An illegal move?
Frances Atima, the assistant commissioner in the Directorate of Education Standards (DES), noted that boarding section arrangement is purely facilitated by parents and that government policy only emphasises access to quality education. He said this during the release of a DES report made after a survey on the standard of boarding schools in the country in November last year.
The report also said 70 per cent of secondary schools are illegally operating boarding sections, having sought no permission from the relevant agencies. Atima explained that any institution which wants to have a boarding section must apply separately, be inspected and if they meet the minimum standards, be given authority to operate. Of the 800 secondary schools inspected, only 30 per cent of the schools complied with the required standards. “We already raised the red flag that many schools are operating boarding facilities without authority from the ministry. No school is registered as day and boarding other than the traditional schools, which were there in the early years,” Atima said.
Is boarding school necessary?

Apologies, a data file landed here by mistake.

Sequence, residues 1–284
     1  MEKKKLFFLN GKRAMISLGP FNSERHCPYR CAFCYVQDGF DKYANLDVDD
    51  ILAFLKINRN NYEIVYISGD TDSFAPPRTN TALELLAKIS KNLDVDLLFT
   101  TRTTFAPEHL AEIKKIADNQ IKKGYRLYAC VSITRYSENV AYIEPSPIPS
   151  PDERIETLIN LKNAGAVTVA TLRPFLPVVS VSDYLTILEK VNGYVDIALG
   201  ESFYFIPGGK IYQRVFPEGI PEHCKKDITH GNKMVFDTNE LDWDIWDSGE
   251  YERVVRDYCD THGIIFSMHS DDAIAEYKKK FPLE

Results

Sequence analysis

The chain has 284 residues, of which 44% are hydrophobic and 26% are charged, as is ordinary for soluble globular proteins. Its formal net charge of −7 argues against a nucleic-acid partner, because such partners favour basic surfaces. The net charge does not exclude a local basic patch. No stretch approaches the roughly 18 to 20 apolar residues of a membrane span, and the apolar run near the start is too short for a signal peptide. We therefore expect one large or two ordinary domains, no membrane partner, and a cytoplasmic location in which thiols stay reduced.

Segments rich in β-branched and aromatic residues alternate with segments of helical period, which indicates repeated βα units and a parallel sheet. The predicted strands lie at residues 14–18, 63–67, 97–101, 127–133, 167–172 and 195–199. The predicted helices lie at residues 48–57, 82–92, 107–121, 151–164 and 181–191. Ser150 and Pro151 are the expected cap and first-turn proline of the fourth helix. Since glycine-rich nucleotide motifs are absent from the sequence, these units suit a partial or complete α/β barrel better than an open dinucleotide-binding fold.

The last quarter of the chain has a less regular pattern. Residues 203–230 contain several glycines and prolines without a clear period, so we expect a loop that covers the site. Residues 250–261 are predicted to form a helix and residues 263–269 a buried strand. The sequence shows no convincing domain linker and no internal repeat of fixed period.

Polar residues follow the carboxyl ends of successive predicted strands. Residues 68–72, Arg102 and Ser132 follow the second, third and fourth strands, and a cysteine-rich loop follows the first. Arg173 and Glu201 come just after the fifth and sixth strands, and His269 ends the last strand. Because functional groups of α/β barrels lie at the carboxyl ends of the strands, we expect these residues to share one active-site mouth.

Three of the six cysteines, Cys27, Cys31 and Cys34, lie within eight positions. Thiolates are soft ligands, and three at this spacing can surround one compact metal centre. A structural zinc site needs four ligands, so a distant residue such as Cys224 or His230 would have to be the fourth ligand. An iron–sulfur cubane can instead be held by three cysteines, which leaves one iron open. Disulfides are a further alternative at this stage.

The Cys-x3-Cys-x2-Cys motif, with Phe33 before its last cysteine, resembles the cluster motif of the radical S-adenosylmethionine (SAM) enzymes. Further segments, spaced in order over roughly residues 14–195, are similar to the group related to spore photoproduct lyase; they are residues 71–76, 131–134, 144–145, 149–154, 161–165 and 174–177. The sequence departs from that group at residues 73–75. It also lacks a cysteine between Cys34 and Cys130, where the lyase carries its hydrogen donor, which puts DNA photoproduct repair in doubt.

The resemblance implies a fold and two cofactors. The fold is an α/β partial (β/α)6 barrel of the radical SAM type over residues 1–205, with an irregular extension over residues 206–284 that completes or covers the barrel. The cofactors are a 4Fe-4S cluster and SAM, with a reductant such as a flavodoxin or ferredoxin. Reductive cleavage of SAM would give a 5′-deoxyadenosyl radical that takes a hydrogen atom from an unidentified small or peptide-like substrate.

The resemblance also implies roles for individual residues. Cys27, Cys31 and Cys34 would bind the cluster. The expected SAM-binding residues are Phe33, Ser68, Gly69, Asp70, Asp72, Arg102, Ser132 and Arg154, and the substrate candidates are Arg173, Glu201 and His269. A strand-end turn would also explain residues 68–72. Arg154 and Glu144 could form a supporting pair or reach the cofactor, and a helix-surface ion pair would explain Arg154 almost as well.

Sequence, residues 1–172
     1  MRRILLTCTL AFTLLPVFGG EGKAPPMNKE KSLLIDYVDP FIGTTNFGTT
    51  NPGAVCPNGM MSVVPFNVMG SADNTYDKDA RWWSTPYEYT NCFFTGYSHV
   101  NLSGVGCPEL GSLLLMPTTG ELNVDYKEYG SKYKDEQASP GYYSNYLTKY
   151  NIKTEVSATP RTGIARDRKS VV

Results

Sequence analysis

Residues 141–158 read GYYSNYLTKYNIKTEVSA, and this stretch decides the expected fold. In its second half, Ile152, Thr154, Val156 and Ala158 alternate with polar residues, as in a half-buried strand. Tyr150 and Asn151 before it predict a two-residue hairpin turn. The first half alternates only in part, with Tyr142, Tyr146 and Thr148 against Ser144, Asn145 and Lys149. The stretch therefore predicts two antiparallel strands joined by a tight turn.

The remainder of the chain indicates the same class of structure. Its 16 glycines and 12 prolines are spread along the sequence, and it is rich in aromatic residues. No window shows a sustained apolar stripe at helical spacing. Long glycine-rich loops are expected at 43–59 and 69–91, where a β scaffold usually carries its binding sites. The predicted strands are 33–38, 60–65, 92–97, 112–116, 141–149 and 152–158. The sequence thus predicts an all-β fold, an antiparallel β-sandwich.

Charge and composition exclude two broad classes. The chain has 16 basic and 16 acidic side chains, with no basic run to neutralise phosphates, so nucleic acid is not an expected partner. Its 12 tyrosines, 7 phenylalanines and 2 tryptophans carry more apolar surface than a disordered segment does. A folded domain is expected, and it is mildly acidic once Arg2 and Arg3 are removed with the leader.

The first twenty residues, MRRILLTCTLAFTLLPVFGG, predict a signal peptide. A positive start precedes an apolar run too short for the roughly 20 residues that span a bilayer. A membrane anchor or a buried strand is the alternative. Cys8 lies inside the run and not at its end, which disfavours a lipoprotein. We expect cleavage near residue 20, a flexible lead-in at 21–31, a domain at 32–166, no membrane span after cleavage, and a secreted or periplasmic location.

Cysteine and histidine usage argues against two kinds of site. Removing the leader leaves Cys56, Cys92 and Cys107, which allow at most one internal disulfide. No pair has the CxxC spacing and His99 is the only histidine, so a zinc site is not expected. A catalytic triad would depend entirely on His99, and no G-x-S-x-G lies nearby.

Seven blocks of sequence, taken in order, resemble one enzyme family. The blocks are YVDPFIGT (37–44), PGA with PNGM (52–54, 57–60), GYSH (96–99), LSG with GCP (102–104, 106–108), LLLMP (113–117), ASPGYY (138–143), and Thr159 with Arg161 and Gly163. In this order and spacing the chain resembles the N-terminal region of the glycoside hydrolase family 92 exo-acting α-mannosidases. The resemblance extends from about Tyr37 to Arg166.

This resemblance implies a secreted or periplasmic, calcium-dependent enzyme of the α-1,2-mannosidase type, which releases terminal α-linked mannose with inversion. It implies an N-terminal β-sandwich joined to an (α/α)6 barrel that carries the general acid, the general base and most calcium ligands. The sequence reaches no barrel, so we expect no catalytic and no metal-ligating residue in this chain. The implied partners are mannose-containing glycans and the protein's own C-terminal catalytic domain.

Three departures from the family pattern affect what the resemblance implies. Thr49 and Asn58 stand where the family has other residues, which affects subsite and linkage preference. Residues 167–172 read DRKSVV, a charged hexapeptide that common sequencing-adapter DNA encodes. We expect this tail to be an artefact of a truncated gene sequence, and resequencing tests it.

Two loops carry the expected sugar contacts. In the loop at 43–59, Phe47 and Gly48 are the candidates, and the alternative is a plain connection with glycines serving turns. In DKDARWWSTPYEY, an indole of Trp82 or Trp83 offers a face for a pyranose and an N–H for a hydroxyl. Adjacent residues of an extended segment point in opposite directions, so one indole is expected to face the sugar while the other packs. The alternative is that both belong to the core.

Moses Kisekka, a teacher at St Kizito Primary School, shares that although boarding school has its own challenges to a child, it is necessary to impart some life skills. Though a child may be young, boarding school gives them more challenges to become responsible over their own property and life. For example, they may eat their edibles or waste their money the first time, and from that, they learn how to eat responsibly and use things sparingly, which is a skill everyone needs.
He further emphasises that boarding school provides a good environment for a child to fully engage in education related activities with little distractions. Kisekka also notes the fact that boarding school can offer a better environment, especially for children who come from violent and abusive homes, who walk long distances to get to school among other circumstances.